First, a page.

Securing loose items is one of the most basic and easy precautions to take in the event of a forecast calamitous event. Items to be secured can either be integral to the building (such as roofs and mechanical equipment) or extraneous to the building (such as compressed gas cylinders and scaffolding).

Issues Addressed

Wind exerts forces on everything in its path. The following are some of the most common situations[1] :
An example of roof hurricane cliips.  Source: Insurance Institute for Business & Home Safety
An example of roof hurricane cliips. Source: Insurance Institute for Business & Home Safety

Wind Speed & Force

Any integral building part and scaffolds that are susceptible to wind must be engineered to withstand the force of that wind, accomplished through additional ties, guys, counterweights, and/or bracing.


The force of wind on one side of an object conversely causes negative pressure on the opposite side. This negative pressure can lead to "suction." The engineer must therefore design for tension loads in addition to compression loads where applicable.


In much the same way that air moving across an airplane wing causes lift, wind moving across stationary flat objects on a site (such as scaffold planks) can cause these objects to become airborne if not properly secured. Window and door openings can also be susceptible to blowing out from uplift forces.

Enclosed Scaffold

Many times scaffolds are enclosed to prevent falling debris and to enclose a heat source during the winter months. Unfortunately, this increases the risk of the enclosure acting like a huge sail. This type of scaffold must be tied more securely and frequently to prevent this issue.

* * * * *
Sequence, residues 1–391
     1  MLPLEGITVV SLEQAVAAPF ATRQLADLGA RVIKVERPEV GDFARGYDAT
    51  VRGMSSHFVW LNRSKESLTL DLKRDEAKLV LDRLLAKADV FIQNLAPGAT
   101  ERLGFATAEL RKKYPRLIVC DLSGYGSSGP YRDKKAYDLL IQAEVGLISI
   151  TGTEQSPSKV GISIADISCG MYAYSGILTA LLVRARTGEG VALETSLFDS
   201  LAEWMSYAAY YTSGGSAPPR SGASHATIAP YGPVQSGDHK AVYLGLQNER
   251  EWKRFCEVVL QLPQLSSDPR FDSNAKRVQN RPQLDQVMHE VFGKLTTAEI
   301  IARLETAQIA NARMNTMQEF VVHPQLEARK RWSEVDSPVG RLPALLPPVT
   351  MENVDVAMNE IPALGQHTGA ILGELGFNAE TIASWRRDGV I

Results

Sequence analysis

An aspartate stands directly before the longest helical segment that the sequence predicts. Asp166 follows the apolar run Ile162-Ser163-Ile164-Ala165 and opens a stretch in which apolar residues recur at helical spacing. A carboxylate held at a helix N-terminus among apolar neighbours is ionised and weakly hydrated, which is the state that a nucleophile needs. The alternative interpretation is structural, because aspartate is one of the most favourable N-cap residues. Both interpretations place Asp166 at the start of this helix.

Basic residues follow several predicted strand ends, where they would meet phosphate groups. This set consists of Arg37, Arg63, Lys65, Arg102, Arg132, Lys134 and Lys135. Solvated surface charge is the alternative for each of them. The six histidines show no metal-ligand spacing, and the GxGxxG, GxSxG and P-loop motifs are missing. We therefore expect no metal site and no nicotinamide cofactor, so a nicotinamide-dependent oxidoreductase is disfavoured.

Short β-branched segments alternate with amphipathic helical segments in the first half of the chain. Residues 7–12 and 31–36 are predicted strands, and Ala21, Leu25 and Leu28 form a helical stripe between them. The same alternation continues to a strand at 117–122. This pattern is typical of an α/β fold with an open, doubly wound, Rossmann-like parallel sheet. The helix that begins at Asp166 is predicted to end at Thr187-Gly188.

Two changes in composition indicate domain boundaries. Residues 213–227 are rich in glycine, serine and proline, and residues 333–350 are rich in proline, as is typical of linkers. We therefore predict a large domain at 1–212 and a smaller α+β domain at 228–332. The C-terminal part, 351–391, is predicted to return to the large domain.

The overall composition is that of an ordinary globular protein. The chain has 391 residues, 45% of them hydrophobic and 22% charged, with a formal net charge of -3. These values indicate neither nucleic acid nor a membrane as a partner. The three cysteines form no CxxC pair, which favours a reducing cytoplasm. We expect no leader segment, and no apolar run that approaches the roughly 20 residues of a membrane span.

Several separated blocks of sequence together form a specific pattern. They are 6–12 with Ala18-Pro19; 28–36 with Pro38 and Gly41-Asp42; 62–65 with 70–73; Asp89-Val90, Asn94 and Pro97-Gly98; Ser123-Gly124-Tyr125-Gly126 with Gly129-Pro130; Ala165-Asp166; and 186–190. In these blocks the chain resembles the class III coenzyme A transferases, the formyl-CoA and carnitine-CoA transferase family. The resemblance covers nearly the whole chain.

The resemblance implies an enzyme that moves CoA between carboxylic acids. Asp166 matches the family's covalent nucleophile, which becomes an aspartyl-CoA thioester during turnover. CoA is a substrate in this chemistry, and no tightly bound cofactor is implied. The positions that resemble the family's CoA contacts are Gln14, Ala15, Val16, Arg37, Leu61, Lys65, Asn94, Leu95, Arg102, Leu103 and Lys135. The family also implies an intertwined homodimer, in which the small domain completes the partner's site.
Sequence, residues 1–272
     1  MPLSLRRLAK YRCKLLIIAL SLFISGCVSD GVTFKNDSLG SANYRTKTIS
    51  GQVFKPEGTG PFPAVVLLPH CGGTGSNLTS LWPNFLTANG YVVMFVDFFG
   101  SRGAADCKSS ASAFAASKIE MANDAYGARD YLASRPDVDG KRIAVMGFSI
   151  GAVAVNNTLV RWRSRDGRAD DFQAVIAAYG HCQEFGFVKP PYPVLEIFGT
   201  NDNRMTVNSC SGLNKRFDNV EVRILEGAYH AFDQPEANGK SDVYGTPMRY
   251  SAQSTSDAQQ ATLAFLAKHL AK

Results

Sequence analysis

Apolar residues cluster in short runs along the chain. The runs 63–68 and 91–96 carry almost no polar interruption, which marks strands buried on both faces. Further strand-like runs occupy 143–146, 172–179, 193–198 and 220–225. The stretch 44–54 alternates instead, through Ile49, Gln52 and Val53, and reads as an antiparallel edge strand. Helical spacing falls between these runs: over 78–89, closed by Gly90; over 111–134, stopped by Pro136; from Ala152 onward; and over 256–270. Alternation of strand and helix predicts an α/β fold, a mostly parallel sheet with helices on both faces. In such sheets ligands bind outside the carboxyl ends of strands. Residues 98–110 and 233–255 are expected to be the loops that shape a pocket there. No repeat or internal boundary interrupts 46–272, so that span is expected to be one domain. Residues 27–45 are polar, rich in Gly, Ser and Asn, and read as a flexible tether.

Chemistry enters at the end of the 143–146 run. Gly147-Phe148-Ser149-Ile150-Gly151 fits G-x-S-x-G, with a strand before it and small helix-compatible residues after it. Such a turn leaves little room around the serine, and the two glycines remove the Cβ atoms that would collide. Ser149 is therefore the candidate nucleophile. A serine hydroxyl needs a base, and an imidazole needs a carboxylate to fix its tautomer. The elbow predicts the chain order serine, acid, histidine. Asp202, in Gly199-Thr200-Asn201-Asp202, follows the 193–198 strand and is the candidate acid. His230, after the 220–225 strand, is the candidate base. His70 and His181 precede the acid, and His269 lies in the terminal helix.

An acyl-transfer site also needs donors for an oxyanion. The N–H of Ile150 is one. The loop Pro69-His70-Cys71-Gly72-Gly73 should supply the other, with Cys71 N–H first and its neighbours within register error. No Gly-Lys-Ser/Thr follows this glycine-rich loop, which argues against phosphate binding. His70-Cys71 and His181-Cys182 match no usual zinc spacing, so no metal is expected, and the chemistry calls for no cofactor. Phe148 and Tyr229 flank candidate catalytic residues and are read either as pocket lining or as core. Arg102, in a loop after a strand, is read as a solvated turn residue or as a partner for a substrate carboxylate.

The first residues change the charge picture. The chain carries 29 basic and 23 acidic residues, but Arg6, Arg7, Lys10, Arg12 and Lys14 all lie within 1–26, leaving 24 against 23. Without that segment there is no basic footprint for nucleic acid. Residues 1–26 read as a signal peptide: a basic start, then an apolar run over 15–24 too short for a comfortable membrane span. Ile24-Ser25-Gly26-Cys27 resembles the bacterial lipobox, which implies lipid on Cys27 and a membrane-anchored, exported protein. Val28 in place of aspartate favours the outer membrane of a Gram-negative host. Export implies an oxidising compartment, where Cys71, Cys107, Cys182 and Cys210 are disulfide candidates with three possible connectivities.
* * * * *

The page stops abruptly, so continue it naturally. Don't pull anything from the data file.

Sidewalk Bridge Decking

This decking has even stronger uplift forces, especially if outfitted with a parapet. Any canopied sidewalk bridge should be securely tied into building wall or guyed to resist the wind loads.

Suspended Scaffold

These are especially dangerous in windy conditions and might encounter unforeseen swirling winds. The best precaution in to lower the scaffold to the ground before such a wind event.

Compressed Gas Cylinders

Typical CMU detail. Source: FEMA

While OSHA already has strict regulations regarding the use and storage of compressed gas, it is doubly important to ensure that the regulations are being followed. Cylinders must preferably be stored in locked cages, and if not, they must at least be securely chained to a part of the building structure. Cylinders are under pressure, and can easily become missile-like projectiles if put under undue stress.

Nailed Connections

A simple "toenailed" joint on a roof or wall is not sufficient. These joints must have hurricane clips installed.

Securing loose items is not an optional practice, nor is it an especially complicated one. Building components and scaffolding may require engineering calculations, but these should already be part of the scope of work in the first place. External items require just some forethought and weather forecasting.


Securing loose items is applicable to nearly every building, but it is even more of an issue at active construction and industrial sites where large loose materials and building components may be present.

Related Reports

Safety Issues: Wind
Insurance Institute for Business & Home Safety


  1. ^

    "Safety Issues: Wind." Safety from the Ground Up 900.10 (2010): n. pag. Scaffolding and Access Solutions. Safway Services, LLC, June 2010. Web.